Looking out my window this morning it’s hard to believe that just a few days ago I was walking around Audubon looking for fiddleheads and spring buds. Just last weekend I found my first crocuses and snowdrops of the year. Today, those flowers are under a foot of snow.
Finding flowers in bloom at the beginning of March is not uncommon. In fact, if you look up flowers that bloom this time of year you’ll find a half a dozen annual and perennial flowers that emerge throughout the month. That being said, I wouldn’t be surprised at all if we have at least a couple more weeks of snow. I have vivid memories of waking up on my birthday, which falls at the end of the month, and finding a fresh blanket of snow covering the ground.
So why do flowers risk blooming so early? Well, being a flower is difficult no matter when they emerge. Bloom too early and they run the risk of being damaged by frost or covered in snow. Wait too long and chances are the weather will be too hot and too dry for those young plants to survive. For some flowers, emerging in February or March is just the best option.
Surprisingly there are many advantages to blooming in the early spring. In early spring few leaves have emerged from the trees, so flowers on the forest floor are able to collect ample sunlight. Not only are there fewer leaves to shade out the flowers out in early spring, there is less competition for the attention of pollinators. Of course, it’s pretty difficult for a bee to find a flower that is buried under a foot of snow.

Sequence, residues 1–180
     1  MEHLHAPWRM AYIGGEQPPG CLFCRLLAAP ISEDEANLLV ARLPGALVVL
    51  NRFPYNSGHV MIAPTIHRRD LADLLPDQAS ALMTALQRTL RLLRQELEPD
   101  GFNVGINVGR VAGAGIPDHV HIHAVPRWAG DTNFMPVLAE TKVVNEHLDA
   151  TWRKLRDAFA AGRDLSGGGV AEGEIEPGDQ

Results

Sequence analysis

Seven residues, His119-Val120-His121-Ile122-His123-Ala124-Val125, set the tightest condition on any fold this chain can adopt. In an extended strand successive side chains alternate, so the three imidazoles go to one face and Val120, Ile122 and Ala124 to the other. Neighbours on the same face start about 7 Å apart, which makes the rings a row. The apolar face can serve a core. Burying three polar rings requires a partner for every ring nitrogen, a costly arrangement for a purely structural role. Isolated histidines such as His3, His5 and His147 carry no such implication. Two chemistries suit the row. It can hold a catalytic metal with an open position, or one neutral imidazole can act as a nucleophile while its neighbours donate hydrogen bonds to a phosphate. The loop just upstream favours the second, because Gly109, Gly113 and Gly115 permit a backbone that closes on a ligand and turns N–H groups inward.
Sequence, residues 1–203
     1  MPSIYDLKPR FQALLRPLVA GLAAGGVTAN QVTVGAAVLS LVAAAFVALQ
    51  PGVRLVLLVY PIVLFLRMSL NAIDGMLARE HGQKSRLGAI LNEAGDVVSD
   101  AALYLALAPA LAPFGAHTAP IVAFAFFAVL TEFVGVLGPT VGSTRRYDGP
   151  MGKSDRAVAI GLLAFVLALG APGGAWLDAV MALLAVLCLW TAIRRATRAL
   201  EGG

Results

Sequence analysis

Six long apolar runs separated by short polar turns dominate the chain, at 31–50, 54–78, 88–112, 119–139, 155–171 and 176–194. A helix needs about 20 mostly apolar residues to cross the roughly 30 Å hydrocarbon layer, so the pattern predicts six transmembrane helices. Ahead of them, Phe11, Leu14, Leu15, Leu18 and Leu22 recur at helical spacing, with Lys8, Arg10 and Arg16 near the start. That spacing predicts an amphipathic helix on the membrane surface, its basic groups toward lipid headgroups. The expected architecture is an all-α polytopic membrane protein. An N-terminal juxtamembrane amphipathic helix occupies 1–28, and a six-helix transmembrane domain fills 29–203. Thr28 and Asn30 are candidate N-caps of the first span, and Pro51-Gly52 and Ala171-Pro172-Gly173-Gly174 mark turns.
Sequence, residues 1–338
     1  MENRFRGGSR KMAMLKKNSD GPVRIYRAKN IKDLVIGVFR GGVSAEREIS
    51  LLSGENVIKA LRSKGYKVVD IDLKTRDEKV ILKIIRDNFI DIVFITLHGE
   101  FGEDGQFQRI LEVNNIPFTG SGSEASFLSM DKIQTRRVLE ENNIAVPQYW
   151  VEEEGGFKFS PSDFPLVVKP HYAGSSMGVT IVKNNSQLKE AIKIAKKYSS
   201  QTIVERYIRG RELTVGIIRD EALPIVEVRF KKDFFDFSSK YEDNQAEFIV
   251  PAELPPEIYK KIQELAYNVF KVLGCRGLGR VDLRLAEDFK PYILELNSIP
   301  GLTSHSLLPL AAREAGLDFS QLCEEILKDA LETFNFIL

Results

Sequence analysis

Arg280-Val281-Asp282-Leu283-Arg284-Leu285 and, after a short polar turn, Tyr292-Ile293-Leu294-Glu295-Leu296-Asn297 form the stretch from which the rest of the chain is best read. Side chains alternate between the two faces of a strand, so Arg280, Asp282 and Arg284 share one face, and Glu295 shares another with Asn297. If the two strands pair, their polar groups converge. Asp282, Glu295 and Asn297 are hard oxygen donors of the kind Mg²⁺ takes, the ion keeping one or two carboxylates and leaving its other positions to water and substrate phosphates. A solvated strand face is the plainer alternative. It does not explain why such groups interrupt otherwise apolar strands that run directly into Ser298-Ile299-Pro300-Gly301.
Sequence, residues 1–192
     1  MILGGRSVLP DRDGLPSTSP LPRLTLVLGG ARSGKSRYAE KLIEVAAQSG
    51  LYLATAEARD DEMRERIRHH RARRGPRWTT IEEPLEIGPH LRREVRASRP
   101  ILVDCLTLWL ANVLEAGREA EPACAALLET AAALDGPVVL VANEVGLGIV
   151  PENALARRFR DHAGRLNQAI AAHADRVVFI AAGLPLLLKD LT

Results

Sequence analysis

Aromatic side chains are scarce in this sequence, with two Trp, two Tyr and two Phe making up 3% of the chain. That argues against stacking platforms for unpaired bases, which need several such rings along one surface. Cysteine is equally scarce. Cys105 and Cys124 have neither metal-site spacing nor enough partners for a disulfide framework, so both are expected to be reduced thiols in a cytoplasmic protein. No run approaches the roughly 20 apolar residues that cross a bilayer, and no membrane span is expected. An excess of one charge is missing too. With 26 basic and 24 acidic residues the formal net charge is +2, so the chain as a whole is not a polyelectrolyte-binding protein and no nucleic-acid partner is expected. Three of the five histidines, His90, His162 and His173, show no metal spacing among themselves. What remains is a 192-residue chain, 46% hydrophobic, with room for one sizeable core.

While most people think that flowers don’t emerge until the ground is thawed, many flowers will not wait for the lingering snow to melt to start growing. In fact, there is one flower at Audubon that bloomed in February after melting through the ice and snow.
Skunk cabbage is a plant commonly found in wetlands and marshy woods and it gets its name from the skunky smell it produces when it is ripped or punctured. This putrid smell is used to attract pollinators like flies and bees. While this plant is probably best known for its smell, a very interesting thing about skunk cabbage is its ability to produce its own heat, enough heat to melt the snow and ice covering the young plant.
Most spring flowers can’t produce their own heat and must rely on other adaptations to keep them alive when the cold weather hits. By growing close to the ground flowers, like crocuses, take advantage of the heat that has been stored in the soil. When a layer of snow falls the snowy blanket traps that heat between the ground and the snow, protecting the plants and animals underneath.
But what happens when the snow melts and there isn’t anything to protect the flowers from the cold air and frost? Well, scientists have discovered that many spring flowers, including snowdrops, produce a special protein to protect them from the cold. When present, the protein lowers the freezing point of water inside the plant and stops ice crystals from growing in the plant’s cell walls. It acts just like a natural antifreeze.
So, while you were probably worried about what would happen to the flowers that have already bloomed this spring, don’t worry. Spring flowers have special adaptations that allow them to grow through the toughest weather, so keep an eye out for flowers poking up through the snow.
Margaret Foley is a Naturalist at Audubon Community Nature Center.
Audubon Community Nature Center builds and nurtures connections between people and nature. ACNC is located just east of Route 62 between Warren and Jamestown. The trails are open from dawn to dusk as is Liberty, the Bald Eagle. The Nature Center is open from 10 a.m. until 4:30 p.m. daily except Sunday when it opens at 1 p.m. More information can be found online at auduboncnc.org or by calling (716) 569-2345.